J Cancer 2021; 12(1):163-169. doi:10.7150/jca.47031

Research Paper

Gemcitabine, oxaliplatin and dexamethasone (GemDOx) as salvage therapy for relapsed or refractory diffuse large B-cell lymphoma and peripheral T-cell lymphoma

Qiu-Dan Shen1*, Li Wang1*, Hua-Yuan Zhu1,2, Jin-Hua Liang1, Yi Xia1,2, Jia-Zhu Wu1, Lei Fan1,2, Jian-Yong Li1,2 Corresponding address, Wei Xu1,2 Corresponding address

1. Department of Hematology, the First Affiliated Hospital of Nanjing Medical University, Jiangsu Province Hospital, Nanjing 210029, China; Key Laboratory of Hematology of Nanjing Medical University, Nanjing 210029, China; Collaborative Innovation Center for Cancer Personalized Medicine, Nanjing 210029, China.
2. Pukou CLL Center, Nanjing 210000, China.
*These authors contributed equally to this work.

This is an open access article distributed under the terms of the Creative Commons Attribution License (https://creativecommons.org/licenses/by/4.0/). See http://ivyspring.com/terms for full terms and conditions.
Citation:
Shen QD, Wang L, Zhu HY, Liang JH, Xia Y, Wu JZ, Fan L, Li JY, Xu W. Gemcitabine, oxaliplatin and dexamethasone (GemDOx) as salvage therapy for relapsed or refractory diffuse large B-cell lymphoma and peripheral T-cell lymphoma. J Cancer 2021; 12(1):163-169. doi:10.7150/jca.47031. Available from https://www.jcancer.org/v12p0163.htm

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Abstract

Background Outcomes of relapsed or refractory diffuse large B-cell lymphoma (DLBCL) and peripheral T-cell lymphoma (PTCL) remain poor. The objective of this study was to evaluate the efficacy and safety of gemcitabine, oxaliplatin and dexamethasone (GemDOx) with or without rituximab as salvage therapy in patients with relapsed or refractory DLBCL and PTCL.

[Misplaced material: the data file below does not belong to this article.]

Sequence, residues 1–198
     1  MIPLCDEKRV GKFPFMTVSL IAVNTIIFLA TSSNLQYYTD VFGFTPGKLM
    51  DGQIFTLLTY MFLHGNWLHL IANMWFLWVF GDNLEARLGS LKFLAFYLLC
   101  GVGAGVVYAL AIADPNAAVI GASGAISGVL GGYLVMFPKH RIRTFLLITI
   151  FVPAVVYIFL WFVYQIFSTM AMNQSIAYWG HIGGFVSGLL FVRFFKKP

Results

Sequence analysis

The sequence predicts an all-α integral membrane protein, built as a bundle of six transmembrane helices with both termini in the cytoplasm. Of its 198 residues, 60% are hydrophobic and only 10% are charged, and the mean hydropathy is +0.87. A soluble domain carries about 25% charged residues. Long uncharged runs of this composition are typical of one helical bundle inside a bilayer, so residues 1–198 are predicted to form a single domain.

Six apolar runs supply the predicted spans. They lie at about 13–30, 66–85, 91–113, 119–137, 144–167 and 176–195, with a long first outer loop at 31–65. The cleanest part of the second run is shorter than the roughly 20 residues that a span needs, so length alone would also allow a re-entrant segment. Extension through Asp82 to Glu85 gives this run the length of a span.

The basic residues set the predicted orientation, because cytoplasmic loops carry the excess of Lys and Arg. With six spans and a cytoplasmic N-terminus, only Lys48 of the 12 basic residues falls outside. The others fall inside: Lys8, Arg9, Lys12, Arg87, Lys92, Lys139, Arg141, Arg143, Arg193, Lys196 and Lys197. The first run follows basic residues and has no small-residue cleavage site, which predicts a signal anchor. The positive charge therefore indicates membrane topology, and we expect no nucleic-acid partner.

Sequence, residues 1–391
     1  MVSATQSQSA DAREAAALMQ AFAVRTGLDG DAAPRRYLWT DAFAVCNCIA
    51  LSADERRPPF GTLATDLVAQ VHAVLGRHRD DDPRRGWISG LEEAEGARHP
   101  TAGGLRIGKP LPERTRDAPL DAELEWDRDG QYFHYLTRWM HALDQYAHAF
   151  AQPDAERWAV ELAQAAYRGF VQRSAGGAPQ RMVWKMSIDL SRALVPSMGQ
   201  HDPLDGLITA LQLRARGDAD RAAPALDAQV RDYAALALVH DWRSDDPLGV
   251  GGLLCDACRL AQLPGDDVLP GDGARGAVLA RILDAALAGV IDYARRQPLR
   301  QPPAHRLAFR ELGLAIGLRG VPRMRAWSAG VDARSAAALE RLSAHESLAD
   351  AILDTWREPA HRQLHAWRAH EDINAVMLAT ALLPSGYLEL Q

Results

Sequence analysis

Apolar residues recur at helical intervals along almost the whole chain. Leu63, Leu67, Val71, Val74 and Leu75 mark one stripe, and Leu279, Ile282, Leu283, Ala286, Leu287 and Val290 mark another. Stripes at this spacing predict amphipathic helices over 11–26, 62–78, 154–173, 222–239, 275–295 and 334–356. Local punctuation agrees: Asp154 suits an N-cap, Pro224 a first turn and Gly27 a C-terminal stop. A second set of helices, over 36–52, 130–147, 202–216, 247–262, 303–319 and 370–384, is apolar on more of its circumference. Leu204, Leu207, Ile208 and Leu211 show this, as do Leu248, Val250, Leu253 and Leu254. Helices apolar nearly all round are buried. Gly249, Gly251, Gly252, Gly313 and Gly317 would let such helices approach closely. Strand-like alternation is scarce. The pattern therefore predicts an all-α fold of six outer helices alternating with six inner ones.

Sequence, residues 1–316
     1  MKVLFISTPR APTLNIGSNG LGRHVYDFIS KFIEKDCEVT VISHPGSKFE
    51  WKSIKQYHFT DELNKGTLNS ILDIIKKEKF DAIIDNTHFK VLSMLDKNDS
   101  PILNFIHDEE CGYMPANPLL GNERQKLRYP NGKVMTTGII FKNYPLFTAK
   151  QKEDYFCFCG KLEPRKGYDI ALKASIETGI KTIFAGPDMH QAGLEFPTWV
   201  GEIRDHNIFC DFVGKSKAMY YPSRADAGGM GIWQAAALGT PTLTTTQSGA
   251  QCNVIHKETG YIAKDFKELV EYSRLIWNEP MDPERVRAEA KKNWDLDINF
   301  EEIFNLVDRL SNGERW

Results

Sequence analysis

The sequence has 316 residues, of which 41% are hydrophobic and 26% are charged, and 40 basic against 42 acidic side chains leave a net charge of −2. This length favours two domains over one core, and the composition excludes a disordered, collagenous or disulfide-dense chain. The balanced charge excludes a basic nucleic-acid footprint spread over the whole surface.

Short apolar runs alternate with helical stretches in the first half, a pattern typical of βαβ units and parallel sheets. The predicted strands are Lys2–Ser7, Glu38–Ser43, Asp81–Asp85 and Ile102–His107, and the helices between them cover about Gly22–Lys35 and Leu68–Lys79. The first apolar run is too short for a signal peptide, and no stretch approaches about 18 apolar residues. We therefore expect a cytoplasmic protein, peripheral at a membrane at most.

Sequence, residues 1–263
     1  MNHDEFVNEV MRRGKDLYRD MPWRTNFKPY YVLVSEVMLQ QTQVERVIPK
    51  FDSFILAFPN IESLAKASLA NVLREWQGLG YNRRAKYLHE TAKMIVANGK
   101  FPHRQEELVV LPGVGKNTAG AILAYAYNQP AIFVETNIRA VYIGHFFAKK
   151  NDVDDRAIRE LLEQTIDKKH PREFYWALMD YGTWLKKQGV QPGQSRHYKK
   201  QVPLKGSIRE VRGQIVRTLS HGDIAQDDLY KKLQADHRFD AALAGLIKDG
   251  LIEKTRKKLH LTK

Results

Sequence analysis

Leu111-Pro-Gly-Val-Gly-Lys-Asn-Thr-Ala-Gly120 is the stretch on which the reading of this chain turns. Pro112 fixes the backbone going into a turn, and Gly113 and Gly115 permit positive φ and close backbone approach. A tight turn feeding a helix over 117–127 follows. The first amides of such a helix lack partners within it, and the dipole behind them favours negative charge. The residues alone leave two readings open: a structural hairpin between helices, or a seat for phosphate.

Materials and Methods: We retrospectively reviewed patients with relapsed or refractory DLBCL and PTCL receiving GemDOx as salvage therapy between Jul 1, 2011, and Aug 31, 2017.

Results: Thirty-three (57.9%) patients with relapsed or refractory DLBCL and 24 (42.1%) with PTCL were included in this study. The median age was 57 years (inter-quartile range 46-67). The overall response rate (ORR) in DLBCL was 48.5% with 27.3% of complete remission (CR), and the 2-year progression-free survival (PFS) and 2-year overall survival (OS) was 21% and 44%. In patients with PTCL, ORR was 50.0% with CR rate of 29.2%; the 2-year PFS and 2-year OS was 28% and 49%, respectively. Common grade 3-4 hematological adverse events were thrombocytopenia (26.3%), anemia (15.7%) and neutropenia (15.7%).

Conclusion: With acceptable efficacy and good tolerability, GemDOx might be a new therapeutic option for relapsed or refractory DLBCL and PTCL.

Keywords: gemcitabine, oxaliplatin and dexamethasone, relapsed or refractory diffuse large B-cell lymphoma, peripheral T-cell lymphoma

Introduction